Bruce McDonald led this fascinating walk in the Wenvoe area, attended by around ten CNS members, which took in four newly-planted orchards, a community nature reserve, two churchyards and an ancient burial chamber.
Orchards are a priority habitat and relatively easy to
create, so the Wenvoe Wildlife Group is currently focusing on them to promote
local biodiversity. The trees in commercial orchards are regularly replaced,
often within a decade of planting, and are subject to numerous agrochemical
sprays every year; so they have become a very poor habitat for wildlife. The
Wenvoe group planted traditional tree varieties in four diverse locations last
year that should provide a haven for wildlife for many years to come. These
orchards are being primarily managed for wildlife biodiversity and not
intensive fruit production; although they should eventually yield abundant fruit for community picking.
The first stop was the Community Orchard, on the
edge of the playing field to the east of Wenvoe. A mixture of trees has been
planted here, including traditional varieties of apples (e.g. Bardsley
Grenadier, Ribston Pippin, and also crab apples), pears and plums (including
greengage), along with medlar, quince, mulberry and hazel. The orchard has an
impressive bee hotel, with a noticeboard on the back. Bruce mentioned that it
would make a good research project for someone, investigating the species using
it. Bumble bee nests are also being created, using buried flower pots, and Bruce is
on the lookout for mouse droppings (so they can better mimic the abandoned
mouse nests favoured by bumble bees). A pond has been dug, which in its second
year is supporting a range of aquatic flora and fauna.
Taking the underpass, the next stop was St Mary’s churchyard
in Wenvoe. Here we saw the old yew tree and a Balm-of-Gilead.
The tour continued along Pound Lane and through Wenvoe Woods
to the farmland beyond, where the Elizabethan Orchard is located, in a fenced-off corner of
a field. This was part-funded through the Glastir programme, whereby farmers
get paid to increase biodiversity on farms. Using a National Trust listing of
fruit trees in an Elizabethan orchard, the Wenvoe Wildlife Group planted
medlar, quince, and apple and pear varieties that would have been familiar to
the Elizabethans. Trees are widely spaced, up to 10m apart, based on old
orchard records. The group is also constructing a Shakespearean garden here,
with herbs that are mentioned in the Bard’s plays. A log pile and a pond are
among the other habitats being created.
The walk continued along the golf course, through more woods
and up to the St Lythans burial chamber - an ideal spot for a picnic lunch. This
megalithic dolmen was built around 6,000 years ago, as part of a chambered long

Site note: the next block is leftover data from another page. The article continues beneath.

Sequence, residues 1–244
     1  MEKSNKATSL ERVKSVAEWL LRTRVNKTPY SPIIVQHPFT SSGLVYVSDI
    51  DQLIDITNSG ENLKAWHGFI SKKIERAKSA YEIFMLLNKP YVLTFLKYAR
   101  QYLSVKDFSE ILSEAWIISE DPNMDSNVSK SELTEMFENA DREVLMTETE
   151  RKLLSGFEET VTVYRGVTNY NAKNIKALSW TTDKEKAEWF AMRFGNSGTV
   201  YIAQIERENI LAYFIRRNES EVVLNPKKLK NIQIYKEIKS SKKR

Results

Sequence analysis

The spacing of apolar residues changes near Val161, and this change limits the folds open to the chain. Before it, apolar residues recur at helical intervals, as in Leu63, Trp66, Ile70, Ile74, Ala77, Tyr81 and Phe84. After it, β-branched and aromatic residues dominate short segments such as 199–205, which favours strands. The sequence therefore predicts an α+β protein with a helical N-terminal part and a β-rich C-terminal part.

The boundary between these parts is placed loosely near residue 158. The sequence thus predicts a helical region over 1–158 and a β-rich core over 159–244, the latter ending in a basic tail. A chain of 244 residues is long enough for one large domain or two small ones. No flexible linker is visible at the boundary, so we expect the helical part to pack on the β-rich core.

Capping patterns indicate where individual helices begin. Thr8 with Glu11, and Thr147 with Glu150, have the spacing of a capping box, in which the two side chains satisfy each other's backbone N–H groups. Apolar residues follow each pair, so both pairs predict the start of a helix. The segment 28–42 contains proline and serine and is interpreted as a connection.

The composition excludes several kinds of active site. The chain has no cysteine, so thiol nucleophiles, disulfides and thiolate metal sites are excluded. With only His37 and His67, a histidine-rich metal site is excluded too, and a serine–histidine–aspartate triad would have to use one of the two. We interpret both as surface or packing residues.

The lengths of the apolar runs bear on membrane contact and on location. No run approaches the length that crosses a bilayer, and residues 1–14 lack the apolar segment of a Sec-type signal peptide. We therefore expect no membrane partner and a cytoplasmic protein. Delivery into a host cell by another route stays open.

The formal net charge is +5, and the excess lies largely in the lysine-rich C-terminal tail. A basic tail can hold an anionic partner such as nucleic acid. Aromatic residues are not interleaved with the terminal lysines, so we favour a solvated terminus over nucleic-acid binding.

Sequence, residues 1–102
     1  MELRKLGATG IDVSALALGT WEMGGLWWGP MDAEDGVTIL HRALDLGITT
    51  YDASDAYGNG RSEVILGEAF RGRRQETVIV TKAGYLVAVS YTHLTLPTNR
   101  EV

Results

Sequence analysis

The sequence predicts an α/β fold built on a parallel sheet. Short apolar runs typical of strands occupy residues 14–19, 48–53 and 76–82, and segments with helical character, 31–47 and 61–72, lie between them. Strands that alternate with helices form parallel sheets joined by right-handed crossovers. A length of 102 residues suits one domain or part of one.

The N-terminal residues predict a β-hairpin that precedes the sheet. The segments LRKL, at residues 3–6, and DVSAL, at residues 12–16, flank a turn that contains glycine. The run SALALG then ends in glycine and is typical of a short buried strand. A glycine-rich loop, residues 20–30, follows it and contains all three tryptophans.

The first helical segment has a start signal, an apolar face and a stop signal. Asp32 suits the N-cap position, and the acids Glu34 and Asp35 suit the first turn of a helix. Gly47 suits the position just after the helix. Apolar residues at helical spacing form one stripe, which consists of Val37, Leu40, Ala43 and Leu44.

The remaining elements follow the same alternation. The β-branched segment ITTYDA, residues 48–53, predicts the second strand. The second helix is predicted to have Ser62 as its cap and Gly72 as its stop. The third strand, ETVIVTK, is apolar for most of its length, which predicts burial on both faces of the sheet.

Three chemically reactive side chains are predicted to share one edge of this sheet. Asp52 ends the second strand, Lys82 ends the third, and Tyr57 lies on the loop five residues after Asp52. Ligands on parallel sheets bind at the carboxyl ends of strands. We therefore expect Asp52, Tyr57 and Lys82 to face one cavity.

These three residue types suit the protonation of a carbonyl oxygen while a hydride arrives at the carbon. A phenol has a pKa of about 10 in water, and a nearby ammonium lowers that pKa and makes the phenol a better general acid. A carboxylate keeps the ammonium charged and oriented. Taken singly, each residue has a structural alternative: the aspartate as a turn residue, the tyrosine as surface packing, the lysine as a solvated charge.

barrow (so it’s significantly older than Stonehenge). Current thinking suggests that corpses where put into a cave in
nearby Goldsland Wood, and the skeletons moved to the St Lythans burial chamber (and the nearby and larger Tinkinswood burial
chamber that is of a similar age).
The third orchard – the Welsh Orchard – is just around the
corner from here on a triangular area surrounded by farmland. All the 28 trees planted
in this area last year have Welsh connections, either having their origins in
Wales or being varieties popular over long periods in Wales. They include the
Nant Gwrtheryn Golden Russet variety, which has just been put on the market
after its rediscovery on the Llŷn Peninsula. Two flower beds are being created
here with medicinal herbs described by the Physicians of Myddfai, who were
influential herbalists who lived in the twelfth century in the Carmarthenshire settlement
of Myddfai. At least 40 plants they used were noted in the literature; and a selection
is being planted here, including wormwood, tansy, angelica, marsh mallow, agrimony, henbane and others
that you won’t find in the Cowbridge Physic Garden because of Health and Safety
concerns! Beehives are also present in the Welsh Orchard and a new pond will be
put in place this winter. The numerous insects (including grasshoppers and
crickets of note), birds (e.g. willow warbler) and scuttling small mammals seen
attest to the site’s value to wildlife.
A walk along the road took us to St Lythans village and its
churchyard. From here it’s a short walk to the fourth and final orchard: the
linear Wild Orchard. Here, trees have been planted along a field edge to
enhance the existing trees and shrubs, which includes crab apples and other
wild-type fruits. Among the trees planted last year were hazel, wild cherry,
bird cherry and plum.
We continued towards Twyn-yr-Odyn. By the quarry monument we
took a path, which had only been opened a few weeks previously, and soon found
ourselves in the Upper Orchid Field. This 5-acre Community Nature Reserve is,
like the new orchards, managed by Wenvoe Wildlife Group. The sloping meadow
contains over 300 species of flowers, grasses, insects and birds. The seven orchid
species recorded here are best viewed in June. There is one annual mowing to
encourage meadow wildflowers. This is a habitat type fast disappearing in the
UK. The field is surrounded by woodlands and hedgerows. Here you can explore
and find Molluscopolis, a secluded area with information boards, where snails
and slugs are positively encouraged.
The path at the bottom of the field
continues down into Wenvoe.
Text and photos: Stephen Nottingham